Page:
USAID Announces Funding For Programs In Global Health Under New Partnerships Initiative

USAID: Statement by USAID Acting Administrator John Barsa Announcing Funding for Programs in Global Health Under the New Partnerships Initiative
In this statement, USAID Acting Administrator John Barsa announces funding for the New Partnerships Initiative (NPI) to the Americas Foundation as well as new funding opportunities in global health for local partners in five countries — Liberia, Tanzania, Senegal, Mali, and Brazil — to address the COVID-19 pandemic (6/11).

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U.S. Fact Sheets, Statement Provide Overview Of Administration's Efforts To Implement U.S. Strategy On Women, Peace, Security

U.S. Department of State: U.S. Diplomatic Leadership in Support of Women, Peace, and Security
This fact sheet discusses the State Department’s efforts to implement its U.S. Strategy on Women, Peace, and Security through advancing women’s leadership in peace and security; promoting the safety, human rights, and dignity of women and girls; improving effectiveness by enhancing internal capabilities; and expanding global collaboration and partnerships (6/11).

USAID: Statement by USAID Acting Administrator John Barsa on the Release of the USAID Women, Peace, and Security Strategy Implementation Plan
“The U.S. Strategy on Women, Peace, and Security (WPS Strategy) guides our efforts to advance women’s leadership in preventing and resolving conflict, countering violent extremism, and supporting post-conflict recovery around the world. … I am pleased to release USAID’s Women, Peace, and Security Implementation Plan, which describes concrete actions the Agency will take to support the empowerment of women and girls in countries affected by crisis and conflict. These efforts are critical for the success of USAID’s mission to support communities in our partner nations on their own Journey to Self-Reliance…” (6/11).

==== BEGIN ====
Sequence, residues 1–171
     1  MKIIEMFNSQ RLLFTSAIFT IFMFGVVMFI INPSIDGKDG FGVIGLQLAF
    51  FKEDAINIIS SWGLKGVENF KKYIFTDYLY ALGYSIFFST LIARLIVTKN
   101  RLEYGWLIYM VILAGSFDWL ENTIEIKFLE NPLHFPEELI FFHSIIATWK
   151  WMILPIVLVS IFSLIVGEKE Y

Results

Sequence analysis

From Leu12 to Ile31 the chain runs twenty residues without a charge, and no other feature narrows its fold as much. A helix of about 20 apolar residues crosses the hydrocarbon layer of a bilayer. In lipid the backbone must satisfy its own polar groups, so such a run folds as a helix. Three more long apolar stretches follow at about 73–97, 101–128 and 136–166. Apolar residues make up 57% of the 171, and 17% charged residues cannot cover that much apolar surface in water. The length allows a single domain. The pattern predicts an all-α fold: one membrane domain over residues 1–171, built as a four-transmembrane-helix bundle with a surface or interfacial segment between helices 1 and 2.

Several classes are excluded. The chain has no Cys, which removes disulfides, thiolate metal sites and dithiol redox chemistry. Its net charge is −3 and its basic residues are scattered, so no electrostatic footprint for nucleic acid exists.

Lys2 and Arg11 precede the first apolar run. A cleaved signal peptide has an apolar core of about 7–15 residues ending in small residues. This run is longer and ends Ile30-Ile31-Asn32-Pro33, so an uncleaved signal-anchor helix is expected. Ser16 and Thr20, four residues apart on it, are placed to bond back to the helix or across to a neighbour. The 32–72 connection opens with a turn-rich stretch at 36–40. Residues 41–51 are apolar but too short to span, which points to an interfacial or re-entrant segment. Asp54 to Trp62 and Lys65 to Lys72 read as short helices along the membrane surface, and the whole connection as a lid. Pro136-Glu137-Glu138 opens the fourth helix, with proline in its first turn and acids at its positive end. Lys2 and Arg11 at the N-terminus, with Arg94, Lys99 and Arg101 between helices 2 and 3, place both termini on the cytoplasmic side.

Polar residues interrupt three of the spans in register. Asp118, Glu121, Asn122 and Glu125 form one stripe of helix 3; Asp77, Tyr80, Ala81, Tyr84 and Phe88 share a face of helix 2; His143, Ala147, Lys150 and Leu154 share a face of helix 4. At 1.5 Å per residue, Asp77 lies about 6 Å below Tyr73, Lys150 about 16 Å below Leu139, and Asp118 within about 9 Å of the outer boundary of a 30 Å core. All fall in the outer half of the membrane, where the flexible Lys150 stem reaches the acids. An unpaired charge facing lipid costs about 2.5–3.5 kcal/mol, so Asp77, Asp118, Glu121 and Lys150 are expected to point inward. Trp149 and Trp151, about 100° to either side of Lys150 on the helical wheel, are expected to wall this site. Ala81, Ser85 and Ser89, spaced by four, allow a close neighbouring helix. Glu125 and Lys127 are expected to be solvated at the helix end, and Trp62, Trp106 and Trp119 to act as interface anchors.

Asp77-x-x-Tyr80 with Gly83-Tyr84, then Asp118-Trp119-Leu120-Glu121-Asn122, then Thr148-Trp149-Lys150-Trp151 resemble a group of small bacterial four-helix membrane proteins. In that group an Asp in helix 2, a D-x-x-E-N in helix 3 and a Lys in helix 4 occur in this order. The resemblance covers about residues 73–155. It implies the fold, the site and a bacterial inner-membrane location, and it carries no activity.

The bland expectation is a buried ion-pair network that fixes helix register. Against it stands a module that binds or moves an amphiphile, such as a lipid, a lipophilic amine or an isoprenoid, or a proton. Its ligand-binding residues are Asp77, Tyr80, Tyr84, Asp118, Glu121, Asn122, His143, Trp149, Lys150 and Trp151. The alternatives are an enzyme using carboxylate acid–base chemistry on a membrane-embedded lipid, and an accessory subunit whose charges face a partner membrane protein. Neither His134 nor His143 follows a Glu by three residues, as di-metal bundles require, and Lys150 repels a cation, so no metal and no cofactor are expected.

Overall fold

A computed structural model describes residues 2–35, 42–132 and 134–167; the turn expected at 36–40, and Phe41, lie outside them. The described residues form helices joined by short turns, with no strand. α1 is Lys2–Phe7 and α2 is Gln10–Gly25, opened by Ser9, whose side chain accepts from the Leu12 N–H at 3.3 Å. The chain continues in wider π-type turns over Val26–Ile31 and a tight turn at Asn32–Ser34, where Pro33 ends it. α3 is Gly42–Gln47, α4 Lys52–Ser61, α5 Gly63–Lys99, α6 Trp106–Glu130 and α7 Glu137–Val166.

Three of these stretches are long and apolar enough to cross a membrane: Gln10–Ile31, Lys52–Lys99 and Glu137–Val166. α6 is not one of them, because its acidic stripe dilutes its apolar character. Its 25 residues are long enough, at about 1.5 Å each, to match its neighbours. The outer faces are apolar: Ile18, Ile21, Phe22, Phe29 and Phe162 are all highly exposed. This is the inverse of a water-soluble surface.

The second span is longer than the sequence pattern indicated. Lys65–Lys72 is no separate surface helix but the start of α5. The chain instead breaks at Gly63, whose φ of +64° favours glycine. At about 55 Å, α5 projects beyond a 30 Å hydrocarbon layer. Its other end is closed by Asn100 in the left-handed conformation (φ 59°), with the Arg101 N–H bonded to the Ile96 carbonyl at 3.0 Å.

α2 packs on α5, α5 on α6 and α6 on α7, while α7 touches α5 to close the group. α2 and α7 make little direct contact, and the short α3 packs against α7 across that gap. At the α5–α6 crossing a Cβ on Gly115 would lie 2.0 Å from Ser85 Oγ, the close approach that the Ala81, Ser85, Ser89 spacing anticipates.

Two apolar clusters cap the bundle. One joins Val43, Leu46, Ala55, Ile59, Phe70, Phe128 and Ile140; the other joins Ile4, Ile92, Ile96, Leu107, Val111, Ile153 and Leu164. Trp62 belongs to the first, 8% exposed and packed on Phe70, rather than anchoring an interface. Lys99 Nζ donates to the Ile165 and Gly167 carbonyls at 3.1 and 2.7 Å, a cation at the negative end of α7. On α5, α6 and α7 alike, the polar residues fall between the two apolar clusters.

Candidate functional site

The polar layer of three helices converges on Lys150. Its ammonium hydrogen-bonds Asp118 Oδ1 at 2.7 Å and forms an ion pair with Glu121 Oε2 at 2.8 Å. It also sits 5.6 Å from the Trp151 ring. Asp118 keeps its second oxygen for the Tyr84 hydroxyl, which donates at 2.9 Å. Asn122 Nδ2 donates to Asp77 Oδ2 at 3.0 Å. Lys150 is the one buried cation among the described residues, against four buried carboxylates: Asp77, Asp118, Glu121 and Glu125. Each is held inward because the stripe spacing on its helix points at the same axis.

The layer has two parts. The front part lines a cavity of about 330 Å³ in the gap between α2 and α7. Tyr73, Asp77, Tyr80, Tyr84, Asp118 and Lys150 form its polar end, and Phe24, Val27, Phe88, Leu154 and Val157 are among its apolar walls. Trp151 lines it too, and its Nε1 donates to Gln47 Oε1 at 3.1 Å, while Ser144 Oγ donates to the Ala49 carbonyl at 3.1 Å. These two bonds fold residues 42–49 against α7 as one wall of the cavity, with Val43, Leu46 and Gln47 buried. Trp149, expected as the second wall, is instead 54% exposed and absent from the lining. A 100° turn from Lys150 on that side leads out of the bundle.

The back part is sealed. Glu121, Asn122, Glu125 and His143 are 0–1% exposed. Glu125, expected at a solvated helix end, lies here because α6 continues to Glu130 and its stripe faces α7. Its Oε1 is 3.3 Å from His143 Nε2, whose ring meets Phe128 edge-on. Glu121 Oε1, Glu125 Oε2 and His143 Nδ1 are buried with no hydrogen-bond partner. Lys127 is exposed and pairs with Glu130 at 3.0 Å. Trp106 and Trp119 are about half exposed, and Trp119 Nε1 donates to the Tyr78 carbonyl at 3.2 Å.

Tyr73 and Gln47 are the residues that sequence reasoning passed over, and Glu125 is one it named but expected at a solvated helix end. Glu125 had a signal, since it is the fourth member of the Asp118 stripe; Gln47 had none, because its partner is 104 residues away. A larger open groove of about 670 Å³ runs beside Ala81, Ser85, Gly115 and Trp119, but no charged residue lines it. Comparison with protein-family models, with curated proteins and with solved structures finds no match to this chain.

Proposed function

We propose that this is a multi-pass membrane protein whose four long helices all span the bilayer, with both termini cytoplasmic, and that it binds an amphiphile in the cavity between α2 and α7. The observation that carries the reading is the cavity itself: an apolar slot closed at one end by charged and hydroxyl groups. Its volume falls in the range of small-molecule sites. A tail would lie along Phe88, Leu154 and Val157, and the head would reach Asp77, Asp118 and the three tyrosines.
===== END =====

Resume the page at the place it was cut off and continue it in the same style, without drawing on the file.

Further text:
White House: President Donald J. Trump and His Administration are Empowering Women to Enhance Peace and Prosperity Around the World
This fact sheet discusses U.S. efforts to advance the 2019 U.S. Strategy on Women, Peace, and Security (6/11).

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USAID Acting Administrator Provides Statement Congratulating Winner Of 2020 World Food Prize

USAID: USAID Acting Administrator John Barsa on the 2020 World Food Prize
In a statement on the 2020 World Food Prize, USAID Acting Administrator John Barsa congratulates this year’s winner, Rattan Lal, whose research focuses on management of soil resources. Barsa notes, “The global demand for food is growing faster than the world’s population. Agriculture and food systems face the challenge of producing more while using less land and water. Dr. Lal’s work has advanced our ability to grow more food while minimizing the environmental impact for agriculture — essential for sustainable solutions to end hunger and malnutrition” (6/11).

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From KFF

KFF Provides Resources On Global, Domestic Aspects Of COVID-19 Pandemic

KFF: COVID-19 Coronavirus Tracker — Updated as of June 12, 2020
Data on country government actions in response to COVID-19 are included in the tracker (6/12).

Additional KFF COVID-19 resources on the global situation, as well as those focused on the response and impact within the U.S., are available here. KFF’s blog series “Coronavirus Policy Watch” is available here.